Zinn & the Art of Road Bike Maintenance

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Aushiker
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Zinn & the Art of Road Bike Maintenance

Postby Aushiker » Thu Jul 19, 2007 10:00 pm

G'day

I picked up Zinn & the Art of Mountain Bike Maintenance from the library this week for a look see and was wondering what (a) folks think of either book and (b) assuming worth getting, which one would be best given I have a dreaded flatbar :) and a MTB or should I get both?

From what I have seen they look well illustrated and easy to follow.

Thoughts?

Andrew
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thm
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Postby thm » Thu Jul 19, 2007 10:44 pm

I ordered a copy of Zinn from Amazon. I had a flick through it at my local Borders and it looked easy to follow, and pretty comprehensive. Also it has nothing but good reviews.

So if you feel like you lack knowledge on MTBs like I do, I think it's a worthwhile investment. It only cost I think 20 odd dollars on Amazon (not including postage) compared to RRP of $40 here.

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Postby sogood » Thu Jul 19, 2007 11:07 pm

Problem is, there are too many standards out there and each has their peculiar way of doing things.

I have found that with a combo of,

1) Park Tools site <http://www.parktool.com/repair/>
2) Sheldon Brown <http://www.sheldonbrown.com/>
3) PDF users manuals from component makers
4) Google/cycling forums

I have been able to gather information on everything I need to know, including a recent complete bike build. Personally, I think you are better to invest the money on specific tools. Some of them you can't do without if you wanted to do a particular job.
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jimbob
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Zinn

Postby jimbob » Fri Jul 20, 2007 7:42 am

I've found Zinn really useful. Since getting a MTB I've used Zinn to help me learn how to maintain the bike and now feel confident doing most things. It's helped me fix a number of issues on the bike plus point me in the right direction when upgrading components.

Yes, I agree that all the information is out there on the web but it's so much handier to have it all in one place and right next to you when you are tinkering. And Zinn seems to cater for most standards.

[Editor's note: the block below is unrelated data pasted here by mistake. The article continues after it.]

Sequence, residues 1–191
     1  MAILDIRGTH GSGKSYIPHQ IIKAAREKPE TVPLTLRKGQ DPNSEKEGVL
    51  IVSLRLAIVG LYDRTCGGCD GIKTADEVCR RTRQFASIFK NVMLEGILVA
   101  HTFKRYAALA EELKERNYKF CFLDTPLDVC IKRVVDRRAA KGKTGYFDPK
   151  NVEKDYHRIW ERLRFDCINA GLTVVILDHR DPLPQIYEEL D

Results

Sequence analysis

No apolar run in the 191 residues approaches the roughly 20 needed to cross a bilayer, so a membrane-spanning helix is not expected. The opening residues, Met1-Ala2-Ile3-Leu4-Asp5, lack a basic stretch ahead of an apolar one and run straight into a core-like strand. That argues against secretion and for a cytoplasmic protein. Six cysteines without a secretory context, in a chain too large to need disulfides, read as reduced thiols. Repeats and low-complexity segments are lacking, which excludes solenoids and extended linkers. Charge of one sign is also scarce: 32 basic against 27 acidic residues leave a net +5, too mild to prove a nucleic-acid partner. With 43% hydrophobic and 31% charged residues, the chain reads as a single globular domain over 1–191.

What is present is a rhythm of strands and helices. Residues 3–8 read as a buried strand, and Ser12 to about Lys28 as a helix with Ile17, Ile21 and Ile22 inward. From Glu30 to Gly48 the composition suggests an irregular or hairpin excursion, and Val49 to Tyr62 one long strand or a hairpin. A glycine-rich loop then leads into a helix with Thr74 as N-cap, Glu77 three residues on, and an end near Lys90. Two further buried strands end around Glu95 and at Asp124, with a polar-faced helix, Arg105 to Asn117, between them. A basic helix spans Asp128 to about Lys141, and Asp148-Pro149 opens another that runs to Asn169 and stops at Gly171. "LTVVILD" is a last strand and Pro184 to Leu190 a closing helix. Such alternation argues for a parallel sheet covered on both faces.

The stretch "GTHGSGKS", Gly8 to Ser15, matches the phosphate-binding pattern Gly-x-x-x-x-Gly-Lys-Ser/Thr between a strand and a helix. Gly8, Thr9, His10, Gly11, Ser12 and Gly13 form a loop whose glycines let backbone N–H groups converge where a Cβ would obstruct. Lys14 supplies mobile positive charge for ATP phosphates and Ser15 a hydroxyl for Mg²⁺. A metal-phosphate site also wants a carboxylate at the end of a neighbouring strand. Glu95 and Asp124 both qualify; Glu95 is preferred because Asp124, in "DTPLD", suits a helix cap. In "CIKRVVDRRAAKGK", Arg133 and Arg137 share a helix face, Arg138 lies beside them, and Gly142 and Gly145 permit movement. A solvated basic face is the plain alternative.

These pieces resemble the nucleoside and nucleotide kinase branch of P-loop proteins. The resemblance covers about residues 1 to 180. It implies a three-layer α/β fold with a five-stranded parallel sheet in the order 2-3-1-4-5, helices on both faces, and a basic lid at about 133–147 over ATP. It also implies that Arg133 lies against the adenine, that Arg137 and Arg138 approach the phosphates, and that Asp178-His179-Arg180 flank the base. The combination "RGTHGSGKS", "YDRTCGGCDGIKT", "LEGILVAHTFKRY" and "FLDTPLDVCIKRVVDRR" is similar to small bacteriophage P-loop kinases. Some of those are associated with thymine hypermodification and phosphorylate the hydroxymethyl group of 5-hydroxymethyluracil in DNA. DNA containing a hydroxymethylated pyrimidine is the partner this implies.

My only criticism is that the instructions are sometimes overly descriptive and you tend to lose some of the key information because you're not reading it all. Or perhaps that's just me!

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Postby alchemist » Fri Jul 20, 2007 9:23 am

I suspect you flat bar roadie has more in common with mtbs than roadies (trigger shifters & V or disk brake).

The other resource that can be found on the web is Barnett's Manual. It used to be available a chapter at the a time on Specialized's web site

triode12
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Postby triode12 » Fri Jul 20, 2007 11:49 am

I bought this book and it covers both MTBs and Road bikes.

It is very good and uses photos instead of drawings.

amazon linky

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Postby Mulger bill » Fri Jul 20, 2007 10:26 pm

I'm with Triode, it's a good reference.

The web will give you lots of info, but it's a bit hard lugging the PC into the shed. :wink:

Shaun
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sogood
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Postby sogood » Sat Jul 21, 2007 2:11 am

Mulger bill wrote:The web will give you lots of info, but it's a bit hard lugging the PC into the shed. :wink:

Fair point. Paper copy is more convenient. And I have had to read those PDF docs on my laptop by the workstand. The hard part has been trying to turn to another section or select another window with greasy hands. :?
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Postby alchemist » Sat Jul 21, 2007 6:30 am

Mulger bill wrote:The web will give you lots of info, but it's a bit hard lugging the PC into the shed. :wink:


Which is why I lug my bikes into the lounge room :wink:

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Postby Aushiker » Tue Jul 24, 2007 11:10 am

Thanks for all the comments. I will check out Borders in Singapore in a week or so and see what they have. Normally books are well priced in Singapore.

Regards
Andrew
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Postby Aushiker » Wed Aug 08, 2007 3:14 pm

An update. Based on the feedback I have ordered Zinn's mountain bike book from Amazon. Singapore price was around $40 Australian.

Thanks for all the feedback.

Andrew
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